Let’s say we’ve been running our WeatherMon application for a while now and have collected quite a bit of data. We wish to run some analytics against this data to determine information such as the average temperature per day, or which week in a month had the highest average humidity.
Using Docker volumes, we can mount this existing volume into a new container, WeatherMon-Analytics. This new container can read in the data without interrupting collection from WeatherMon. It can then perform the analytics we desire, and store that information into the same volume or to a different volume if desired.
This also overlaps with a third use-case: pulling in large amounts of data to a container.
If we didn’t use Docker volumes, we may have to copy all of the required data into the container at runtime. That could be very expensive and slow, especially if we’re working with data like gigabytes of weather metrics.
By using Docker volumes we can simply mount the data volume to the container and start our application. No data loading is required.
There are two other types of Docker volumes that we haven’t discussed yet: bind mounts and tempfs mounts.
Bind mounts are used to mount an existing path on the host machine into a container.
This is very handy when presenting configuration information, such as directories from within /etc. It is also useful when you have information that you want a container to use, such as existing data sets or static website files.
Bind mounts also have a particular use case that can significantly ease your development workflow. In order to see a code change reflected in the running containerized instance of your app, you’d have to rebuild the image. This is because when an image is built, it uses the code that’s present. It does not get updated when you make changes to your code.
Manually rebuilding the image each time can be a cumbersome process. You can avoid this with bind mounts. You can specify the path on your host machine where the code is and mount it to the path in the container where you copy the code. This way the container will always have the latest code and you’ll see your changes reflected immediately.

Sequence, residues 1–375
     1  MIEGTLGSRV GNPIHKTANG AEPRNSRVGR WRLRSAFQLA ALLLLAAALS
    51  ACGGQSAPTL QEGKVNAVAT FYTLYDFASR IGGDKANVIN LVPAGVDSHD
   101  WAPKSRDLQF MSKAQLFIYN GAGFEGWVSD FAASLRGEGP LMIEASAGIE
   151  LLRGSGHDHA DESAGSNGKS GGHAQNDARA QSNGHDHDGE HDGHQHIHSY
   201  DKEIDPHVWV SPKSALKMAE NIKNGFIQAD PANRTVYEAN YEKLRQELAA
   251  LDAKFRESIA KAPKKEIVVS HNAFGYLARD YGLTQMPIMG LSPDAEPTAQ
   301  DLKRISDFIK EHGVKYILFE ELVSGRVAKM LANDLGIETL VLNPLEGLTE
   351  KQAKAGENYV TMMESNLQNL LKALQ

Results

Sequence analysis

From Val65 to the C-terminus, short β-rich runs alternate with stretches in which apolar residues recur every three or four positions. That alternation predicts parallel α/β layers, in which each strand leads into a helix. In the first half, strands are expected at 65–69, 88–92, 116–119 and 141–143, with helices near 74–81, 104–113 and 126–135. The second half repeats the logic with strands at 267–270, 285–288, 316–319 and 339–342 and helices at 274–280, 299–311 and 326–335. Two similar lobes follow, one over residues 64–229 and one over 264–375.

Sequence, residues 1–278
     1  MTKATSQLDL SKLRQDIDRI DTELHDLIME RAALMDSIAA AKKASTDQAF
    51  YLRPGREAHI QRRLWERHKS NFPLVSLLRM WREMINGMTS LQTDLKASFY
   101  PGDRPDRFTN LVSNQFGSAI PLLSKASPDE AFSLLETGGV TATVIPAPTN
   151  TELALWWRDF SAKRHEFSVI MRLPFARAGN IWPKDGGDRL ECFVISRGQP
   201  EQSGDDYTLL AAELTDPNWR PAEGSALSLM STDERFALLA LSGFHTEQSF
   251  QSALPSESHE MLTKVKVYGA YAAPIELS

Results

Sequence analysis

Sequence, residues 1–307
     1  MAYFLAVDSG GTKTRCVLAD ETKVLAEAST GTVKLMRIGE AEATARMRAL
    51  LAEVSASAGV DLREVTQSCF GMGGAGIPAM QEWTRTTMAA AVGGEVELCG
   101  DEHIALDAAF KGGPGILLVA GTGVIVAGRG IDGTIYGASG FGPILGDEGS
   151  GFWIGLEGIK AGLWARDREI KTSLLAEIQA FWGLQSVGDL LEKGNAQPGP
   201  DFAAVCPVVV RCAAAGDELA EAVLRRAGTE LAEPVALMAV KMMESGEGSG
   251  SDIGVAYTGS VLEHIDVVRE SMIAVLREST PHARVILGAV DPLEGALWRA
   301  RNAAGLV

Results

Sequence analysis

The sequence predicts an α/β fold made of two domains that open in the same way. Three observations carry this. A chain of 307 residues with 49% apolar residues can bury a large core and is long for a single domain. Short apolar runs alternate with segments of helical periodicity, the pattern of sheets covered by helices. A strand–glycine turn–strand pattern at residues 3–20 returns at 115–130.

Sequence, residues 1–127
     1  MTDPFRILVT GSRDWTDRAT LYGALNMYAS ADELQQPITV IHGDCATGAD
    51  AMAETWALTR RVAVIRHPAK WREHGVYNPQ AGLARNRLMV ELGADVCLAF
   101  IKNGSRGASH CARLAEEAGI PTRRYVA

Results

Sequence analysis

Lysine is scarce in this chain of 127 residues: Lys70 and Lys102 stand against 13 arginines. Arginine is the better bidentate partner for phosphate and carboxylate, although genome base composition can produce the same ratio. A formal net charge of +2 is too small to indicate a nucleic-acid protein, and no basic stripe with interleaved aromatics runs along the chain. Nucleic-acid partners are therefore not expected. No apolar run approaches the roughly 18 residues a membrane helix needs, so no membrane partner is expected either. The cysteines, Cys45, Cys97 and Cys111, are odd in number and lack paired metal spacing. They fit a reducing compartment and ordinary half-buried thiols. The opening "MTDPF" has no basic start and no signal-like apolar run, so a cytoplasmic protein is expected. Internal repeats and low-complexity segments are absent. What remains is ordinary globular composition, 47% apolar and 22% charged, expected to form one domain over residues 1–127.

You can set up a bind mount using the following command:
docker run -v /path/on/host/machine:/path/in/container image_name
Use this command to specify existing directories to be mounted into a container.
The job of the tempfs mount is to provide a writable location that specifically does not persist information after the lifetime of the container. You may be thinking, “why would that be necessary?”
In a container that does not have a volume mounted, any writes go into the thin R/W layer inserted at runtime. Any writes directed to that layer impact the filesystem as those writes are executed on the underlying host.
This normally is not a problem unless you are writing significant amounts of disposable data (such as logs). In that case, you may witness performance degradation as the filesystem needs to handle all of those write calls.
The tempfs mount was created to provide containers a disposable write path that does not impact filesystem operations. Specifically, the tempfs mount is an ephemeral mount that writes directly to memory. You can create this volume by using the --tempfs argument.
By default, volumes store information on the underlying host system. Docker also has a concept called volume drivers that allow you to specify how and where to store volumes. For instance, you could store a Docker volume inside of an Amazon S3 bucket. This can be handy if you wish information to persist not only outside of the container’s lifetime, but outside of the host’s lifetime as well.
All of the concepts discussed here are broken down in much more detail in Docker’s documentation about storage. Examples of how to use each type of mount and a more in-depth introduction to the concept of volume drivers are available at that link.